Courant Institute New York University FAS CAS GSAS

Subversion keywords and unicode

Monday, August 4, 2008 - 12:30pm

I'm editing some text files, and I like to use subversion to do this. It helps with managing my own different revisions of the files, and can mark them automatically with metadata.

(Subversion is a version control system--you create a repository, work on a local copy, then commit changes to the repository when you're satisfied with them. Programmers use version control systems to keep track of giant code bases, so you can prepare new versions of software while at the same time release bug fixes for previous versions. But there's no reason why the files managed need to be an executable piece of software--it can be a website or a single text file. And there's no reason why you need more than one developer to have a version control system in place.)

Anyway, subversion allows you mark keywords in your file to keep track of some metadata. For instance, I like to note the date when a file was last committed (had changes saved to the repository). To do this, you use the string "$Date$" in the file. Then you declare that you want this keyword substituted. On the command-line, assuming you're in a checked-out working copy of the version-controlled directory, you type

$ svn propadd svn:keyword Date foo.txt

When you next check the status, you will find that the file's metadata has been changed:

$ svn status
 M      foo.txt

The "M" appearing in the second column rather than the first indicates a modification to metadata rather than actual file content. Commit the changes, then the next time you commit or update the file, you will see the string "$Date$" has been changed to "$Date: <actual date committed>$"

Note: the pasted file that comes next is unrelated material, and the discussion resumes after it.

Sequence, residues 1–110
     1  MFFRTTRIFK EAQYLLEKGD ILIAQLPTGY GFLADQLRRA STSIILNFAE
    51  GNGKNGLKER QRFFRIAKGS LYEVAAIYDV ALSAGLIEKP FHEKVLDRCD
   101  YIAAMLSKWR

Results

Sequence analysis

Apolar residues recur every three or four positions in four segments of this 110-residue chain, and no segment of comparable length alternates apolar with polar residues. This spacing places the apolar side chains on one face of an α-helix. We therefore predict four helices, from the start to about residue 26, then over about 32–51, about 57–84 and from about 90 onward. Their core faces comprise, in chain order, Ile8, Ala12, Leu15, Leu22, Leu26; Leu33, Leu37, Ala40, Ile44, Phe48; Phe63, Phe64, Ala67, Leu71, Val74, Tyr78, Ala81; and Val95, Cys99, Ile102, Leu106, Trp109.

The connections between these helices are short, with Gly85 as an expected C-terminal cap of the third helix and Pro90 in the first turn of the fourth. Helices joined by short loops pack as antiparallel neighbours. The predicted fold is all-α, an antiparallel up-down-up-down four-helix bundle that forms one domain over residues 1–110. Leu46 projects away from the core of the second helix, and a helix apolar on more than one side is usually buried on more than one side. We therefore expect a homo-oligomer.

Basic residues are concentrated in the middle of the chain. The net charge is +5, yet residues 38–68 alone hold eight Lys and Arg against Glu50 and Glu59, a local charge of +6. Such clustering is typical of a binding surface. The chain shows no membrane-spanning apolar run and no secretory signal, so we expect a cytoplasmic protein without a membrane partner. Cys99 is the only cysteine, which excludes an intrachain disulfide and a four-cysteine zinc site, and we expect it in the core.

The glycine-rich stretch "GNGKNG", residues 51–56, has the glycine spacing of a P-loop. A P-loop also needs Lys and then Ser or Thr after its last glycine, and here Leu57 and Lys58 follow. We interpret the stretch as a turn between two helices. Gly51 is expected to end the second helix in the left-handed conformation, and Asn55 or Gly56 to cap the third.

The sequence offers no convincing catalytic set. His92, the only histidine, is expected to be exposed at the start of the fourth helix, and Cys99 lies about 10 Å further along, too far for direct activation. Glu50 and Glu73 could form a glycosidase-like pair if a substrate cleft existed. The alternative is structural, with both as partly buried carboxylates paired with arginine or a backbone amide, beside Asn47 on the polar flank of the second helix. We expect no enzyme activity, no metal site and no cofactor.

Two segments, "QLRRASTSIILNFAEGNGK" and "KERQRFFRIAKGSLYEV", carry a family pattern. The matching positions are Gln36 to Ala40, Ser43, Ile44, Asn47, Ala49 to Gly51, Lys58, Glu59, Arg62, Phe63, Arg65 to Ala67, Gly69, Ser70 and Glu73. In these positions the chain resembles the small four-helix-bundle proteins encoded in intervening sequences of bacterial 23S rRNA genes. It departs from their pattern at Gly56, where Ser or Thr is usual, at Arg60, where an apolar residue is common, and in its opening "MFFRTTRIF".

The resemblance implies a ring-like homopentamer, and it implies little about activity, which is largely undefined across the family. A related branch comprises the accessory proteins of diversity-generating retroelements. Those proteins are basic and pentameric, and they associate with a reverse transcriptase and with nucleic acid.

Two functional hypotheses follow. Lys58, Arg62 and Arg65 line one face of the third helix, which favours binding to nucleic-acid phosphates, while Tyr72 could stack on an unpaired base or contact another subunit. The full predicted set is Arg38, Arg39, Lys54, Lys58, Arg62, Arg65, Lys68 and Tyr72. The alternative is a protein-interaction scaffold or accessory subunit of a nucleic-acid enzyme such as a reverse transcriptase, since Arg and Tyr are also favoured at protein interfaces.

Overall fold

Pretty cool, except I'm having trouble getting this to work on unicode files. I don't always need unicode but I feel cutting-edge when I use it. Even after setting the property and committing changes the keyword stayed unsubstituted. I finally got it to work by writing the property value "in unicode." My workaround is extremely inelegant, the epitome of muddling through, but it does do the job.

  1. Create a file with the property value in it. In this case, the property value is just the word "Date". I'm using Aquamacs, an emacs build for Mac OS X. There is a set of keystrokes in emacs to change the text encoding for a file, but I keep forgetting it. Instead, I use a local variable and save the file. One way to do this is to declare at the end of the file:
    Local variables:
    coding: utf-8

    (Eight bits is all the unicode I need, which is lucky because that's all subversion supports.) Save the file, and a little "u" appears in the emacs status line, letting you know the change of encoding. Save the file to some descriptive name like "svn-keywords-utf8.txt"

  2. Set the property value. Subversion allows you to set property values from a file, not just on the command line.
    $ svn propset svn:keyword -F svn-keywords-utf8.txt foo.txt
  3. Commit as before.

Voilà. Now, there must be smarter ways to do this. Some occur to me as I write. One could use iconv to change the property-value file's encoding with having to invoke a text editor. But the "real" way would be to make the terminal encode in unicode. According to the preferences for my Terminal application, I am doing this, but perhaps because I'm logged in via ssh to another server, it's not carrying over. I don't know. But like I said, this works.